I’m starting to think that no one has less to do with the work of Bill Donohue than Jesus. But that’s beside the point. Enjoy Kathy Griffin’s clip, and go see “The Golden Compass,” just to spite Bill Donohue. Then give the books to your children for Christmas!

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Romney gives the faith speech

Many of Mitt Romney’s advisers have been on him for months now to address his religion, but it likely took a new poll out by the Des Moines Register showing him five points behind former Arkansas Gov. Mike Huckabee, that has Romney ready to give his John F. Kennedy speech on religion. Ala Kennedy and his Catholicism in 1960, Romney is preparing to talk about his faith - Mormonism - for the first time this Election season.

Despite the endorsements of many prominent Christian conservative s, including Bob Jones, Paul Weyrich, and David Keene, Romney is still perceived as having problems resonating in socially conservative circles, especially among evangelicals . This could be one of the reasons, if not the reason, his support is slipping in places like Iowa, where the Republican caucus is dominated by social conservative s. Seems like most of these folks are jumping ship to Mike Huckabee, 30 days before the caucus. Being the nerd that I am, I watched a town hall on C-SPAN tonight with Romney, and sure enough, three of the questions from caucus-goers referenced Mike Huckabee.

And that’s the story line here. While there’s some historical relevance to Romney, one of the first Mormons to be competitive in a Presidential race, giving a speech about his faith, the talk smacks of inauthentici ty. Romney has been running for President for more than a year now, and he’s resisted talking about his faith at all costs. All of a sudden he finds himself slipping in the polls to Huckabee, and he decides to give a national talk on “Faith in America.”

Romney’s campaign is saying that the address will be a chance for Mitt to “share his views on religious liberty, the grand tradition religious tolerance has played in the progress of our nation and how the governor’s own faith would inform his presidency if he were elected.” But the underlying reason is that Romney’s being schooled by Huckabee in Iowa, and needs to respond.

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Vote in the common good

One of my favorite political buzzwords from the past few years has become “the common good,” a phrase I’ve seen most used as an umbrella term for the breadth of issues that should inform a person’s conscience when they vote. It’s a great retort to the groups, religions and individuals out there who suggest that only single issues should matter when it comes to casting a socially just vote.

As in 2004, we’ll likely see a push by very misguided Catholic groups to whittle the Catholic vote down to four issues: abortion, gay marriage and gay adoption, stem cell research, and euthanasia. These Catholic groups take these four issues and distort them for the sheer purpose of electing Republicans, while completely ignoring the breadth and depth of Catholic Social Teaching – the social principles that form the foundation of the Catholic faith.

Forty days out of the Iowa caucuses, a group of Catholic organization s have released a “Common Good Voting Pledge,” to draw attention to the wide range of social issues that should inform a Catholic’s conscience as they prepare to vote. The groups – including Catholics in Alliance for the Common Good, Pax Christi USA, NETWORK, Catholics United, the Maryknoll Office for Global Concerns, and the Sisters of Mercy of the Americas – have one basic, but profound, message: Building a culture of the common good requires us to balance our own self-interes t with a commitment to greater common interest as well.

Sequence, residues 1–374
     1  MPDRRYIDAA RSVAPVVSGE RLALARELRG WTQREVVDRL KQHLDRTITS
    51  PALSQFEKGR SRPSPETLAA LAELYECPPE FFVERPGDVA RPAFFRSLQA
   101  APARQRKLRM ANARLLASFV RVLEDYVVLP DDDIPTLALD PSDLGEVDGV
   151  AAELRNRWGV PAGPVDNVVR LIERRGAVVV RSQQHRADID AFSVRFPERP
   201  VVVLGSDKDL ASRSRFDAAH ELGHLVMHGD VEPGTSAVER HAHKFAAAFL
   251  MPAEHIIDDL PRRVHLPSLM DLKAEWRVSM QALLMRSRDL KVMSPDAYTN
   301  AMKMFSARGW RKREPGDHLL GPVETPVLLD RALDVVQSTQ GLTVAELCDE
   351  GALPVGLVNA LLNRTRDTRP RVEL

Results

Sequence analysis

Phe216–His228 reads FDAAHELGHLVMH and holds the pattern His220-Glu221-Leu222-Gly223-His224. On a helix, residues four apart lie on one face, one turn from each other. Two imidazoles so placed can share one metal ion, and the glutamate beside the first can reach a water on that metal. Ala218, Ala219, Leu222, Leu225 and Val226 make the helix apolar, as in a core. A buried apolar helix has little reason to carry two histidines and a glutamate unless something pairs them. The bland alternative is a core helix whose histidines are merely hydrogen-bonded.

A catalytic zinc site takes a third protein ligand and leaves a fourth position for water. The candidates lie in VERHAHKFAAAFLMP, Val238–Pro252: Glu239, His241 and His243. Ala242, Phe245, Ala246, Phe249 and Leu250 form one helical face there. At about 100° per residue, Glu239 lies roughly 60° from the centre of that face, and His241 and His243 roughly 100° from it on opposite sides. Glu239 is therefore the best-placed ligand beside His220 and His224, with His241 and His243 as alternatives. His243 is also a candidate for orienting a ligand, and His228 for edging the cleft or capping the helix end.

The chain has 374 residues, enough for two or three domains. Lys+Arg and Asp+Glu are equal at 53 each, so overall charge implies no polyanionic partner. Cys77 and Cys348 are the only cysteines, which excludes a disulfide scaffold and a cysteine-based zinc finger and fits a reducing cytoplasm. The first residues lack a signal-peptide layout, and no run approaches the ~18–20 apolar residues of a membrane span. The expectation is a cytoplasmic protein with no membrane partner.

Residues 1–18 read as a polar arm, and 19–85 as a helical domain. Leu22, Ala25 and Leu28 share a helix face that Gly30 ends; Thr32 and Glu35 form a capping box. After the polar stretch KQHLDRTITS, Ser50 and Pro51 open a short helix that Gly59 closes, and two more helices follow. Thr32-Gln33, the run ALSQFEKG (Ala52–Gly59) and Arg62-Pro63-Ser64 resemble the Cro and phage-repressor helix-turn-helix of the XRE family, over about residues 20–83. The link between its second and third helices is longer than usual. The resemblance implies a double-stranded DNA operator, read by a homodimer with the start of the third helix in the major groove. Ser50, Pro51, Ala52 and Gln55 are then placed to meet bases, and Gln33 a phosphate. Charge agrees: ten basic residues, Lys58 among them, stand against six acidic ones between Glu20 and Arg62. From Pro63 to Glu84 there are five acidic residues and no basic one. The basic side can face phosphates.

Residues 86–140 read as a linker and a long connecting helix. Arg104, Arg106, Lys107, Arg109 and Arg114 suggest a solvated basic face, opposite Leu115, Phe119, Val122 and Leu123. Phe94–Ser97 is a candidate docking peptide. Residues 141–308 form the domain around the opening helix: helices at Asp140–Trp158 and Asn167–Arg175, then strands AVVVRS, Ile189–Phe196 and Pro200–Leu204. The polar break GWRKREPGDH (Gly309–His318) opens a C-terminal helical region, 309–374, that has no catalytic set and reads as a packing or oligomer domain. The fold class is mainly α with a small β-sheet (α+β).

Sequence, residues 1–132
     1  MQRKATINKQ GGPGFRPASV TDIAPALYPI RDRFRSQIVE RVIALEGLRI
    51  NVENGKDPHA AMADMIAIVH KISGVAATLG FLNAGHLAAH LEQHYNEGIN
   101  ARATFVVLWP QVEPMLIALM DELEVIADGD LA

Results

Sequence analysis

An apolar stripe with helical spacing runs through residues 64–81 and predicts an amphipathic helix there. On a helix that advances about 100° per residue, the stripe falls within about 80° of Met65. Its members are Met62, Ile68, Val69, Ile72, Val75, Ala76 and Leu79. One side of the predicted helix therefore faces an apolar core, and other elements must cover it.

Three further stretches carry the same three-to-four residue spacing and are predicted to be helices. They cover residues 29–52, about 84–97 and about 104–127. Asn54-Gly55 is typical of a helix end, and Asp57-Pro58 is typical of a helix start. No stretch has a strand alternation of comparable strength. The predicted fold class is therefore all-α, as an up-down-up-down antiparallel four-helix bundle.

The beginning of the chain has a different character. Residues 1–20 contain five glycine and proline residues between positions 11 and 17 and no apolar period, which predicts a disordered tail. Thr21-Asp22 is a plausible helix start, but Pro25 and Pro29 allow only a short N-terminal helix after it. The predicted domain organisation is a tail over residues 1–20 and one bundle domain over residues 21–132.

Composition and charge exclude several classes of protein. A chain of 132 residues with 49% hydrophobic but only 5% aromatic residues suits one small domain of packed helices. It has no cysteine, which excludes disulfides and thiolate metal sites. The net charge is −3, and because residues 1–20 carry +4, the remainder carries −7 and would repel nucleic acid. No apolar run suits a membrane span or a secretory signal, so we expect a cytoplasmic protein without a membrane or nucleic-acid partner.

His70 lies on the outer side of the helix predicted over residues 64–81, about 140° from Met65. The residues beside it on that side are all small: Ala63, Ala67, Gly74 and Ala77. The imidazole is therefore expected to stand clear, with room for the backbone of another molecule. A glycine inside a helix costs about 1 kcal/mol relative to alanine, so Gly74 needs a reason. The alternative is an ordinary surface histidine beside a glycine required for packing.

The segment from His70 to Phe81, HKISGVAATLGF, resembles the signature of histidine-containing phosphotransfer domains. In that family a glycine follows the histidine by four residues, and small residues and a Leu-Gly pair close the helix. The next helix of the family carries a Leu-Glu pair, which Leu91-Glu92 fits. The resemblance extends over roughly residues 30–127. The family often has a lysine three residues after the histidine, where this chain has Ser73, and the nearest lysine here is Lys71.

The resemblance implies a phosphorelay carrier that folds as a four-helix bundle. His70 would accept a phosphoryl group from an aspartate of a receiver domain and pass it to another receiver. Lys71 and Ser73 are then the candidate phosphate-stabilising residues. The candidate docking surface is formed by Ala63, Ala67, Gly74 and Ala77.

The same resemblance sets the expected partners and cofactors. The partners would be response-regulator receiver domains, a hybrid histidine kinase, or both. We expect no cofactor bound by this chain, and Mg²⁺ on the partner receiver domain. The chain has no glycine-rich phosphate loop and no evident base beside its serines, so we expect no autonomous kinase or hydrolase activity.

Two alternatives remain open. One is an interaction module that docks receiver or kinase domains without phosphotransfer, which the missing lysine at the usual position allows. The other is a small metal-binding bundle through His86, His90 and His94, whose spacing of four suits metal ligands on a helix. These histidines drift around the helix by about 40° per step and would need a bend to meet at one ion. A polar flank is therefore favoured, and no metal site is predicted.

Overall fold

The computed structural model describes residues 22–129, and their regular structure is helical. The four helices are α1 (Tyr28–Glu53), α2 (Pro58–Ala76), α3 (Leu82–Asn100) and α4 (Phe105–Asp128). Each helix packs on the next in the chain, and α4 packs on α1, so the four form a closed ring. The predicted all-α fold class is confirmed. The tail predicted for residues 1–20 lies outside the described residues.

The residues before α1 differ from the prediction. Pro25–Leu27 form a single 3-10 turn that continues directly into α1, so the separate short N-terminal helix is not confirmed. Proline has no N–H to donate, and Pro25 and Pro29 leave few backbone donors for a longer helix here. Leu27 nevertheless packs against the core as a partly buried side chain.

Two specific issues are highlighted: a commitment to fight poverty, and a commitment to end the war. On fighting poverty, the groups say: 37 million Americans live below the poverty line in the world’s richest country. Half the world nearly three billion people live on less than two dollars a day. These are moral scandals that violate human life and dignity. Poverty is linked to many affronts to human life, including abortion and war. We are called to put our faith into action and care for the poor and most vulnerable.

On ending the war: The Iraq war has lasted more than four years and the number of casualties now exceeds 3800 American soldiers and hundreds of thousands of Iraqis. War disproportio nately affects the poor in society and drains needed resources from vital social programs. Pope John Paul II insisted that “war is always a defeat for humanity.” Pope Benedict XVI believes that it is “right to resist war and its threats of destruction. ” The U.S. bishops have called for a “responsible withdrawal” of troops.

You can sign the pledge by clicking here, or download copies of the pledge for distribution by clicking here.

The more “the common good” frames the discussion of religious voters in the 2008 election, hopefully the less polarized we’ll be as a nation. As Jane Addams once said, “The good we secure for ourselves is precarious and uncertain until it is secured for all of us and incorporated into our common life.”

Now if only that statement were on the daily talking points given each morning to candidates running for President.

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“Pro-life” politicians and a culture of life

I meant to write about this last week, but Republican Rep. Thaddeus G. McCotter (R-Michigan) went after the group Catholics United in an opinion piece in the National Review, because Catholics United had the audacity to ask the question: Is it pro-life to vote against S-CHIP?

Is it pro-life to vote against health care for children? That’s an easy answer – no. But tell that to Rep. McCotter, who voted against the S-CHIP legislation and by default, voted against health care coverage for millions of children. I wonder if this is another example of a “pro-life” politician failing to recognize that life exists beyond the moment of birth?